notes.  My notes had an ETA to Chatsworth at 5mph in about 2-3 hours.  I could handle that.  No Problem!  As I started up P3, I immediately started to doubt my brilliant plans.  My legs burned with every upwards switchback I climbed.  These were some steep off camber switch backs.  I was starting to feel the burn, but just thought I needed to work through it.  About an hour and a half later I crossed over Hwy 52 climbed a bit more and finally found relief in a little bit of  downwards descent on single track that turned into doubletrack.  I was excited because the elevation charts showed this as down, down, down into Chatsworth.  Thanks to Mother Nature, I was thrown the ultimate curveball.  Darkness settled in as I started to settle in and enjoy the rolling hills.  Then I came across a few downed trees which I had to quickly dismount and hop over.  I got back on and kept rolling.  A few more trees showed up.  And more trees. and more trees....I was starting to get worried...very worried.  It was already close to 4 hours and I was still hopping trees on what was supposed to be a 3 hour tour....I kept pedaling forward concerned about what I was encountering.  Suddenly, I came up on a tree so massive I could not figure out a way to easily get around or under it. It covered up the entire trail and hung off the edge of an embankment. I was stumped and quickly got off my bike to scout out a way around this beast of a tree.  No sooner had I walked around and down that I looked back and realized that I had lost track of my bike!  I panicked and immediately backtracked to where I thought it to be.  It was close by, but it took me a few moments to relocate it!  Everything was on my bike!  EVERYTHING!  I then had to plan out how to scout away by placing my road blinky on top of the bike as well as carrying the GPS in hand just in case I could not see the blinky.  After I had my system down, I had to scout around the tree sometimes for a few hundred feet.  Then I had to figure out how to get my bike to the other side.   I physically hoisted my bike a number of times straight over the tops of some of the trees thanks to the paracord I had packed.  It was more effort than I was expecting to put forth that night.  At one point I scouted around the tree as I could see where others had gone and found myself utterly lost yet parallel to the main route.  After about 30 minutes of going back and forth, I realized I was on another trail parallel to the main route but I could not see it since the trees had pushed me down a level on the ridge.  I then backtracked to the original tree that had pushed me down, clambered around the tree and then physically rock climbed my way back up onto the main trail route.    After that incident I was either going straight over or under the trees.  I hoisted the beast about 10 times and then the trees cleared up and I was back under way...5 hours later.  I then found myself flying along hoping for a clean exit out of this pit of trees until I looked down at the GPS and my dot started moving radically away from the main route.  I was so tired and frustrated at this point that I just stopped and sat there in the woods.  I initially started to setup camp and sleep it out since the spot was not a bad one, but I noticed I was running low on water.  So many trees, so much effort, hydration was paramount.  So, I put the blinky back on my bike and started hiking with GPS and cue sheets in hand.  Back and forth I went looking for this entrance to a jeep trail that just did not seem to exist.  I yelled a lot of angry words out there in the dark, but they were all justified.  45 minutes later, I have a eureka moment as I blast my headlamp for one final look at the woods and voila, there is a narrow entrance to another overgrown trail much like the Hickory nut entrance earlier via Tray Gap.  I start to realize my night vision sucks.  I carefully start down this path and realize it is a little off from the GPS, but they both zig zag at the same places, so I pedal along slowly at first until they finally line up and I start crushing out some miles.  After some time, the jeep trail opens up and turns into super nice single track and I try to enjoy it, but I am so tired and getting thirsty so I just focus on pedaling and listening for a stream.  I also know I am close to an exit point soon, so I pedal harder.  I go down deep into a valley and find a small stream which I unknowingly share with a copperhead(?) as I am reloading my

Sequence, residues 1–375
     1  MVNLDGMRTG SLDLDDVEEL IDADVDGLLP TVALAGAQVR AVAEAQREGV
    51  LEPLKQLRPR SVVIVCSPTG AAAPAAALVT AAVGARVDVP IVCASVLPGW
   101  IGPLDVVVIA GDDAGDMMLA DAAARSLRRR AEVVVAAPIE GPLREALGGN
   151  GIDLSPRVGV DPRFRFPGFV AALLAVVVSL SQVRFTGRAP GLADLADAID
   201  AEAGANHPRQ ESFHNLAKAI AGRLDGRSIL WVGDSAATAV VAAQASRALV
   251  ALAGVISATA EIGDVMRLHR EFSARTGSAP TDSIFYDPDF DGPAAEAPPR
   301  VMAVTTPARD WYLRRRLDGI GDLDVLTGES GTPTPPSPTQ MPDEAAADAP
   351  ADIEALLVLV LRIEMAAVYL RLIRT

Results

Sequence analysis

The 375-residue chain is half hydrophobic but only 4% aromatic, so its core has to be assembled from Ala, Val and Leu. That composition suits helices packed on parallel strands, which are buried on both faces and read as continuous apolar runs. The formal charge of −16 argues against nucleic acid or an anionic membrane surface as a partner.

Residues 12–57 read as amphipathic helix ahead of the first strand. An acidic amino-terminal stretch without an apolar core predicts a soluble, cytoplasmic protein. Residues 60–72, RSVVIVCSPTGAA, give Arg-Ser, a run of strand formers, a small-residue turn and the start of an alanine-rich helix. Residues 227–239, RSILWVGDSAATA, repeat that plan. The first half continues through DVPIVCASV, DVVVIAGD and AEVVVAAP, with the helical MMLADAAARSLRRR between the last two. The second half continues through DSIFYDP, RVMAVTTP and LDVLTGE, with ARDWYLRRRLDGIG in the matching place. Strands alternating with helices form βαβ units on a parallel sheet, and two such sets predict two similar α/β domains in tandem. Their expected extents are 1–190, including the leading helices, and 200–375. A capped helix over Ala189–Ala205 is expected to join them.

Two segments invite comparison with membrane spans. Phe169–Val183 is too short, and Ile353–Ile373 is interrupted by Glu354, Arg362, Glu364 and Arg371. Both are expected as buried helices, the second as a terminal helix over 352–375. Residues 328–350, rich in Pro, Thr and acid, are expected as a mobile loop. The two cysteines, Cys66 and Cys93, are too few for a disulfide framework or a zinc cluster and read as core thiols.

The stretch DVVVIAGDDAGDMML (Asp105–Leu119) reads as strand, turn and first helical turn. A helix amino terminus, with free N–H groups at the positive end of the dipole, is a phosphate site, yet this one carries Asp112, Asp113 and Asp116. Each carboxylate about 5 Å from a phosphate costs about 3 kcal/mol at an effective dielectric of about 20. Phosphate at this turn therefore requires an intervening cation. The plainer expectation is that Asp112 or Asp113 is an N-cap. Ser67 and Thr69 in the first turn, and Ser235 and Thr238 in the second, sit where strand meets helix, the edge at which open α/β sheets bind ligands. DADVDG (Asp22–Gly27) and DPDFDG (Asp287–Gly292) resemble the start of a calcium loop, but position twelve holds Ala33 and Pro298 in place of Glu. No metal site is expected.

bottles.  The snake pays me no mind and slithers off.   I load 2 bottles and continue on.  I find myself climbing out of this trench and quickly finish off my 2 bottles and pop out onto a road up near Chatsworth!  Elated, and very much grateful to be out of that quagmire of never-ending wrong turns, I start pedaling towards the lights ahead which can only be a gas station!  As I am pedaling towards them I am buzzed by a patrol car not once, but 3 times as he flies past me.  He seems to slow down and look for erratic behavior, but after what I just went through, I am on point and pedaling a slow steady line.  He rolls off and I pedal towards my next feed zone.  As I approach the gas stations, I make the sad discovery that they are both closed for the night!  Seriously?  It wasn't even close to midnight yet....or was it?  I look at my watch and it shows quarter to 1am!  Wow... 21 hours in the saddle.  What a day.  So I sat there, thirsty and tired and made the snap decision to pedal 5 miles up towards Chatsworth and hope that something is open there to feed me.  I pedal onwards and my legs and arms start to shut down from the amount of effort I have been demanding with no liquid to spare.  As I approach town, I spy an old run down restaurant and quickly pedal around to the back to look for a water faucet.  I find one and it works!  I plop down to drink from it, but stop short as the handle is covered in sludge.  I pull out my filter and fill it up and drink from it instead.  After 20 minutes sitting in the dark in the back of some rundown building drinking as much water as I can stomach, I pedal on into town to look for food and more liquid.  I come across a gas station and quickly fill up on orange juice, water, ravioli, frank and beans, and a turkey and swiss sandwich consuming all of this in the parking lot sprawled out and exhausted.  I take a few bags of chips for later and reload all essential liquids.  I pedal back to a motel I had seen and check into a room as I just didn't feel Dalton happening that night.  I wish I had continued onwards to Dalton as I did not realize I was almost there!  So, I check into this creepy motel along with a creepy front desk person and the room takes an hour to cool down and the bed is riddled with actual bedbugs.  I would have been better off sleeping in the woods!  Too tired to relocate, I shower up(great water pressure), clean my kit, hang them carefully to dry, tear all the bed sheets off, layout my emergency bivy, pack all my stuff for an early exit and fall into a deep sleep. It really was a deep sleep.  I slept until about 9am and slowly make my way out of the roach motel back to my original exit point of the course and have breakfast at the gas station whereupon I deal with my chafing issues once again now that the adrenaline has worn off, I can feel it all.  Then off I go to Dalton with a whimper and a smile knowing that the only thing left to conquer is the Snake...and I know the Snake well.